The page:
Review: Forza Motorsport 4

When I was a freshman in college, my friend Sleepy P (this is not his real name) and I thought that his roommate Terrence was a robot. We never got a chance to check out his circuitry, but if we were a jury and a prosecutor tried to have us convict him for being a living human, we wouldn’t have put him away. Too much doubt.

He only drank Gatorade—robot fuel. He watched one episode of Family Guy each night before he went to sleep at midnight. Terrence didn’t drink alcohol, of course, because ethanol is robot poison. Most damning, perhaps, was that Terrence used the internet for three purposes only: to study, to download episodes of Family Guy, and to look at pictures of really nice cars. Robot porn.

Now, I don’t mean to cast aspersions, but there is a distinct possibility that Forza Motorsport 4 is a game designed for robots. It is Interactive Robot Porn.

Essentially, Forza Motorsport 4 is a game about owning cars. It foregrounds the process of looking at computer renderings of very expensive vehicles from every single angle. You also drive these cars through various raceways around the world (narrated, I should add, by the insufferable Jeremy Clarkson of the British car show Top Gear); but to many—such as the quasi-robot I once knew—that’s not going to be this game’s appeal. See, you start out with a really crappy car, and by winning race after race, you slowly earn cooler and cooler cars, until you work your way up to hyper-powerful F1 cars that look and drive like a medium-sized dragon. You can give them better parts, paint them up, add weird decals. Whatever you’d want to do with a car, really. For example, I bought a DeLorean and became fixated upon maximizing the utility of its drive train, despite the fact that I couldn’t really tell you what a drive train does. It was satisfying every time I gunned the vehicle to 88 miles per hour. I was not once sent back in time.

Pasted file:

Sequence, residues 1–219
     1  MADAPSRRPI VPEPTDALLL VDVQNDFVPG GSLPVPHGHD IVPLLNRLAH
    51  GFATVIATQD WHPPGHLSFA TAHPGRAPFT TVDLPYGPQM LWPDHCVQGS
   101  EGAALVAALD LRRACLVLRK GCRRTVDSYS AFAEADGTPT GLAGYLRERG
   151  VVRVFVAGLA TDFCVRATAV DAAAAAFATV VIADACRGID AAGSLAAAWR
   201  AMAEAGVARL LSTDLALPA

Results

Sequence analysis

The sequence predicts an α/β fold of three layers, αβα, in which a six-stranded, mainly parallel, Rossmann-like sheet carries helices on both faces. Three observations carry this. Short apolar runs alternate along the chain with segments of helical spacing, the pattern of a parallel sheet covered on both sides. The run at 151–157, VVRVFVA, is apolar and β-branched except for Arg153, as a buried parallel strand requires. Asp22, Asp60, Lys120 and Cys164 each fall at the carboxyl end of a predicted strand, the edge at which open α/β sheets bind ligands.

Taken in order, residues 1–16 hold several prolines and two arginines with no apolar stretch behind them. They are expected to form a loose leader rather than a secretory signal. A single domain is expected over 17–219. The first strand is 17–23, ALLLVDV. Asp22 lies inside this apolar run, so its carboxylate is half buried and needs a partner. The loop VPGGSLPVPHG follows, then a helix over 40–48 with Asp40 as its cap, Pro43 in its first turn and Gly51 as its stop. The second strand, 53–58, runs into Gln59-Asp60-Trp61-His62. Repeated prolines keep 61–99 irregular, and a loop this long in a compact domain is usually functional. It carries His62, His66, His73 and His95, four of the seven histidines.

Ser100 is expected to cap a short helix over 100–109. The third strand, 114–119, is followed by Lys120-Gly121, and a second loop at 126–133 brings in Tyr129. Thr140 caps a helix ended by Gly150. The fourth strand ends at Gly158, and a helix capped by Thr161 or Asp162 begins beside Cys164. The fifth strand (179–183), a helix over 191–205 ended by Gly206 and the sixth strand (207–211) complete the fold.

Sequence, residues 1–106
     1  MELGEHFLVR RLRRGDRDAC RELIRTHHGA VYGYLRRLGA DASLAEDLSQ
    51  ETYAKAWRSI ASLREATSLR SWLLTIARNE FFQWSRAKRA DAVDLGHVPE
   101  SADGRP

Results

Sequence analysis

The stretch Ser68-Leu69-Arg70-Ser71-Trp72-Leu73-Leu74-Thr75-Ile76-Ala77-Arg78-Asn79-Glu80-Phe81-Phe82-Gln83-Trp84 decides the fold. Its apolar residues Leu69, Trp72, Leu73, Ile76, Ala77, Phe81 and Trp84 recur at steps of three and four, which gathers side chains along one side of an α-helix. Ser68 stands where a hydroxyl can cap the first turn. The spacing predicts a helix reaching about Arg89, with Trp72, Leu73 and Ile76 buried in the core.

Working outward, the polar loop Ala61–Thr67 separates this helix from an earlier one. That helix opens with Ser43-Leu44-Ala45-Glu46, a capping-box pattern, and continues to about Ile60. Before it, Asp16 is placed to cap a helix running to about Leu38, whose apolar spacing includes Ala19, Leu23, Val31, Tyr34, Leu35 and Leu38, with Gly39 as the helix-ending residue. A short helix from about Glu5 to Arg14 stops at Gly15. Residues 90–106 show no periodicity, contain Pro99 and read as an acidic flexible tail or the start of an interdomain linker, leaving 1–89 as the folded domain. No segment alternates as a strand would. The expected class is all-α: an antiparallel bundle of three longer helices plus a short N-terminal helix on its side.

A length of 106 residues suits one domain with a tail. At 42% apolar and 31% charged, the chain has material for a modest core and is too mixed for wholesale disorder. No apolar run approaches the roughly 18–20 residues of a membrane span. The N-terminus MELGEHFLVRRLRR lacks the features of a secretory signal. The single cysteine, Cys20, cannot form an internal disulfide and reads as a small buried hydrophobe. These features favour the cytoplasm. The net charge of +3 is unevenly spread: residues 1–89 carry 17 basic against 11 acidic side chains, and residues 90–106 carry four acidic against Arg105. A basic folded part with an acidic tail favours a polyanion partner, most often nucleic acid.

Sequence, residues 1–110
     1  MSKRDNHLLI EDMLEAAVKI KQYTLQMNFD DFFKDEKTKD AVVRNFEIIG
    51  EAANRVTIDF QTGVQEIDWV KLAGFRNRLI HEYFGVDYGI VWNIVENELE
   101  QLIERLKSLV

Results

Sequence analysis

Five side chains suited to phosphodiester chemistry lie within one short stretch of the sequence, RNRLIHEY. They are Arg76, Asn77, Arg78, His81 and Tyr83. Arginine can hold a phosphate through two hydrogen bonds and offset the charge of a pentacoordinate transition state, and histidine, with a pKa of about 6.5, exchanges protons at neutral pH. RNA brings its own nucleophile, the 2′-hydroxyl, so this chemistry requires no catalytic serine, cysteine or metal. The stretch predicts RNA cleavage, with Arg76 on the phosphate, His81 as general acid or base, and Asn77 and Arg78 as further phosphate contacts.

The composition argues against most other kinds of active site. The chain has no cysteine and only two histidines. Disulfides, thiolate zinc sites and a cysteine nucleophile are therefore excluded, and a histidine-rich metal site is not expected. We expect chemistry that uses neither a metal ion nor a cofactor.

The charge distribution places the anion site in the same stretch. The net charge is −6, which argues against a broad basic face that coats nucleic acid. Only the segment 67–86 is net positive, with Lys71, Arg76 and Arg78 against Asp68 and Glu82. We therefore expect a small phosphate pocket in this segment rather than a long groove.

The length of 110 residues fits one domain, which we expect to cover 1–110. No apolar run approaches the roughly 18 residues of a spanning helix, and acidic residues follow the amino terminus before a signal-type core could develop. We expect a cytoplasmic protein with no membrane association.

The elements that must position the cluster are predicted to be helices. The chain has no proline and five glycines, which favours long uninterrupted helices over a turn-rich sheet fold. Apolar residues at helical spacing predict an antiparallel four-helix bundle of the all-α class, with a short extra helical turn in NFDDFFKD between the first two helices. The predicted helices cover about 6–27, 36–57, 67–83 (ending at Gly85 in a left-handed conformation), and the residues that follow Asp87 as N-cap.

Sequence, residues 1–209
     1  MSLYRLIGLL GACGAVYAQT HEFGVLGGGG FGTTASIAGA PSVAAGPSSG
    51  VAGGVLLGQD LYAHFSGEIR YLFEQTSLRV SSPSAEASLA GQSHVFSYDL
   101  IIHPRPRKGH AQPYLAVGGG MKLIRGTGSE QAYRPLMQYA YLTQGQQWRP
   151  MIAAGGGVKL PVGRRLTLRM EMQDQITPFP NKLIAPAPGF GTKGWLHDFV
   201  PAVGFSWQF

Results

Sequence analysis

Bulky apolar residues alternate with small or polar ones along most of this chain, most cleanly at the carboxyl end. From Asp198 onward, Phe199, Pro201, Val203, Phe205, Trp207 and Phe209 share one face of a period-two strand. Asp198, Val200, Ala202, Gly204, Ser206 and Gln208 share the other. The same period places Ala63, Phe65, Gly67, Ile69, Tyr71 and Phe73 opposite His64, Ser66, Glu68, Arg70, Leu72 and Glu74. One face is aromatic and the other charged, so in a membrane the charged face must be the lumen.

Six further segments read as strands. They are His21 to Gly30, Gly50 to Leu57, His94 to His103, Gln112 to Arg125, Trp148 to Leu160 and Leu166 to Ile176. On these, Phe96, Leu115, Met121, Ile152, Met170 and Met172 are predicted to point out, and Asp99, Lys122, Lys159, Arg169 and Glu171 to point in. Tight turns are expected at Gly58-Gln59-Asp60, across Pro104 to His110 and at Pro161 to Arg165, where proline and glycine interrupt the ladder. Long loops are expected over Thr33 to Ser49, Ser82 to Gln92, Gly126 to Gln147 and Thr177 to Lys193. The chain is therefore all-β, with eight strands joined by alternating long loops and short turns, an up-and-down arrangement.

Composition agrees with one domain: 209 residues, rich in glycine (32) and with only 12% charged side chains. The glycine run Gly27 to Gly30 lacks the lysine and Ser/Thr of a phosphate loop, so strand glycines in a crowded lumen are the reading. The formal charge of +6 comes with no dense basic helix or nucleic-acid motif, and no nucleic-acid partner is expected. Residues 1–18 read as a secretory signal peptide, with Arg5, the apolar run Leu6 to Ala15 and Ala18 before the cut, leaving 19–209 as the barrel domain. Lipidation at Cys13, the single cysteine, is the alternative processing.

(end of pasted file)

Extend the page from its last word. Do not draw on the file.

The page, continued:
Whatever you’d want to do with a car, really.

It’s sort of crazy that this game starts you out with a Volkswagen Fox, and within about 10 hours of playing hand you a vehicle so insanely rare and expensive that under no circumstances would a normal person ever possibly buy one. I’m talking about cars that really rich people buy to prove to other really rich people how rich they are. The type of car where if the thing’s alternator breaks, the guy who owns it is sort of pumped, because that means he gets to again prove how rich he is by hiring one of the 12 mechanics in the state who are qualified to fix his car’s alternator. Forza Motorsport 4 is not for these people. These people are Scrooge McDuck in the flesh.

Forza is meant to replicate this Scrooge McDuck experience with way more detail than is really necessary. For example, my review copy came with an “owner’s manual,” complete with a real-life tire gauge to measure the pressure on the tires of the car that I do not own. For a game that—again—is meant to simulate the process of owning a car, this is insane. Playing Forza Motorsport 4 is like listening to a Rick Ross song, or watching a million episodes of Entourage in a row. It’s aspirational as fuck. 

Or, y’know, it’s porn for robots. Whichever, really.